Brussels, 02 Dec 2005
A new EU-funded research project, called ATTACK, has vowed to track down how cancer cells manage to evade our immune system. The aim is to improve T-cell mediated immunotherapy against this major European killer.
The ATTACK research project, coordinated by Dr Isabelle Wartelle of Manchester University (UK), aims to boost understanding of how cancer cells trick our immune system. The five-year project involves a consortium of 16 partners across Europe and in Israel, who will collaborate on the process of engineering T-cells.
T-cells are part of the body's immune defence machinery, which naturally protects against infections and some cancers, and can be used to treat some malignant diseases. But many cancers somehow avoid tripping our immune system's alarm bells. The project team hopes that state-of-the-art technologies can be used to modify the T-cells in order to hunt down and destroy such cancerous tumours.
The aptly-named ATTACK – Adoptive engineered T-cell Targeting to Activate Cancer Killing – project is being funded by the EU's Sixth Research Framework Programme (FP6) to the tune of nearly €12 million, according to a consortium statement, and will enable doctors to improve so-called 'T-cell mediated immunotherapy', which has the potential to fight a broad range of cancers.
Unlike radiotherapy and chemotherapy, which destroy both cancerous and healthy cells (see other Headlines in 'More info'), engineered T-cell therapy has the potential to destroy cancers selectively within a patient's body using its own infection-fighting mechanisms. This project focuses on optimising that system in the laboratory.
"The ultimate aim is to develop a process whereby T-cells are taken from the blood of a patient, genetically modified to enable them to target tumours, multiplied in the laboratory and injected in large numbers back into the patient," explains Robert Hawkins, professor of Medical Oncology at Manchester University.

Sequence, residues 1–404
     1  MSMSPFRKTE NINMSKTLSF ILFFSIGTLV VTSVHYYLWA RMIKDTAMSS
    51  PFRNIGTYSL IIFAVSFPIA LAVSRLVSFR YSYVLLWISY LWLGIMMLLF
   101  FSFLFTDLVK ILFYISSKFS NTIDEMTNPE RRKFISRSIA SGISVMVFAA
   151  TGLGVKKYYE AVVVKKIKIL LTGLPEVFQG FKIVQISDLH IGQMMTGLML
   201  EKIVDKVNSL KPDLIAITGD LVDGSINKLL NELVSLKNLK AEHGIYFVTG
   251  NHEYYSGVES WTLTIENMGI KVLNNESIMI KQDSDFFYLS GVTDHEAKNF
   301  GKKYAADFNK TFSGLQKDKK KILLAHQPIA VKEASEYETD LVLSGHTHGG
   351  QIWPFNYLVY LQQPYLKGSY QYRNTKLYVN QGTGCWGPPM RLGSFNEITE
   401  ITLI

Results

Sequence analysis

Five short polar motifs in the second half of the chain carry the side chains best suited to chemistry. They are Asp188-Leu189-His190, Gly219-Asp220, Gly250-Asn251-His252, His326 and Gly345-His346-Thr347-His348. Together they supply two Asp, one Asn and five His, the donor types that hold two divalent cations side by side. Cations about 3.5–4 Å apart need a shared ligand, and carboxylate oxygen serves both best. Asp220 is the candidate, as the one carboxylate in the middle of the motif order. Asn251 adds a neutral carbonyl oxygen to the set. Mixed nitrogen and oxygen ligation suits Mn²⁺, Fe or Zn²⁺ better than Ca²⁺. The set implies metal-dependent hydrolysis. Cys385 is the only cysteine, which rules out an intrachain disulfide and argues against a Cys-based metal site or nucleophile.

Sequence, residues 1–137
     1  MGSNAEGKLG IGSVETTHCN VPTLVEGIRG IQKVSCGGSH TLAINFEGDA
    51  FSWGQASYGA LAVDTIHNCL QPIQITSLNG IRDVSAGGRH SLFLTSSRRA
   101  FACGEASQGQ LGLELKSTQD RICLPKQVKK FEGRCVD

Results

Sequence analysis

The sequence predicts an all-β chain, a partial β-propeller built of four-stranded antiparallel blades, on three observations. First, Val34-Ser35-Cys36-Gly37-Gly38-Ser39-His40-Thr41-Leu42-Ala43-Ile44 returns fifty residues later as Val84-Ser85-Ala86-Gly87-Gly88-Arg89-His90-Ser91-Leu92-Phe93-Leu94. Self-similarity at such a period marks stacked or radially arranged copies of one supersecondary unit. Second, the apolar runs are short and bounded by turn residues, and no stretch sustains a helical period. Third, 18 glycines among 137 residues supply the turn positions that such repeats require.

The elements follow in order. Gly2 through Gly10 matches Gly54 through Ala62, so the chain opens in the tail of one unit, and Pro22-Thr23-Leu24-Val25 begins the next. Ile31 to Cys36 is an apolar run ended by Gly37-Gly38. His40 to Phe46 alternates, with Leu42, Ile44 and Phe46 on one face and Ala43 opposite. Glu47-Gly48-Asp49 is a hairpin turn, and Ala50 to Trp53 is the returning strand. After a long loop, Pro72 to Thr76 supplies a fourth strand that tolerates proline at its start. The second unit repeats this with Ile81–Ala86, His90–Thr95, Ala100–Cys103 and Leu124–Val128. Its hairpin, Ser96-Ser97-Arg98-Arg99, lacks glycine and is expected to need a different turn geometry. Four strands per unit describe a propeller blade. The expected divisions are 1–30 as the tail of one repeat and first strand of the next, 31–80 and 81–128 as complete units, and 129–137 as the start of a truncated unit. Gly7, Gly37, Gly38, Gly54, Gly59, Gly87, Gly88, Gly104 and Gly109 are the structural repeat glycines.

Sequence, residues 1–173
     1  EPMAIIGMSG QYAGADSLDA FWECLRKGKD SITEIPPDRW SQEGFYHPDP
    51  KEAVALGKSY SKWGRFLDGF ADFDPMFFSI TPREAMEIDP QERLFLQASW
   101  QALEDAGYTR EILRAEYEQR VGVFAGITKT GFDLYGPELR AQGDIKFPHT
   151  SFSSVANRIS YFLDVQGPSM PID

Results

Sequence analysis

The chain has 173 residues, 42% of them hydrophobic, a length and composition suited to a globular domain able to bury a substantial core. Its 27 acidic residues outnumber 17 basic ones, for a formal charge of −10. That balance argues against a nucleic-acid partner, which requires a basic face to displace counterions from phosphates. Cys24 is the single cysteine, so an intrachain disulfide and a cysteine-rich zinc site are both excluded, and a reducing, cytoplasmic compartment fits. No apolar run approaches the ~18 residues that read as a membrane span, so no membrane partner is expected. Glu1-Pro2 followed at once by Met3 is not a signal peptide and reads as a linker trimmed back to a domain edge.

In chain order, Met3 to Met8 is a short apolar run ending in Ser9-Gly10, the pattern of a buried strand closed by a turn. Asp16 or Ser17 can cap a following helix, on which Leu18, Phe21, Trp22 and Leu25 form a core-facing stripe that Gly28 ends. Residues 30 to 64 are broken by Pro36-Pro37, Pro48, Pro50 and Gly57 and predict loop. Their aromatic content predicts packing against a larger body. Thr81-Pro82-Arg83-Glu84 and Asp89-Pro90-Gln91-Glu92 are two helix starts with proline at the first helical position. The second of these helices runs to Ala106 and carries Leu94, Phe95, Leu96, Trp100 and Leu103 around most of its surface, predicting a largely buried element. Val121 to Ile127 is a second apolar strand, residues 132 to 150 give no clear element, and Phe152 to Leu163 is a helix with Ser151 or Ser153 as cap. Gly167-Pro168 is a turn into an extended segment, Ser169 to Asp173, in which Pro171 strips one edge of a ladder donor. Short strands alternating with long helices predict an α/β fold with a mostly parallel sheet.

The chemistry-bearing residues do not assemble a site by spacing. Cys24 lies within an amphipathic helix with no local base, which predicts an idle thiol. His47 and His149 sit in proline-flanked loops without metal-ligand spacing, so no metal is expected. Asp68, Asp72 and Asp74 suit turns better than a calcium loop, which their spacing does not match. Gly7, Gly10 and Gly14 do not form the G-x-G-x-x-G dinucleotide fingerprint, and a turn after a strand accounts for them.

The approach builds on original research by Professor Zelig Eshhar of the Weizmann Institute of Science in Israel. Partners in the project include experts in immunology and tumour biology, as well as those who have developed key aspects of engineered T-cells – all from well-known institutions such as the Université Pierre et Marie Curie (France), the Netherlands Cancer Institute, and the University College London (UK).
Vaccines can already prevent certain cancers, so the aim of this project is to develop effective methods to target others. "We expect the project to lead to many more trials in the future and are hopeful it could lead to real improvements in treatment," Hawkins notes.
Professor Nic Jones, head of the Paterson Institute for Cancer Research where the project will be based, confirms the importance of co-operative European-led research in fields like this. "Developments in cancer treatment are likely to require major team efforts, and we are delighted that the consortium has been awarded this major international grant."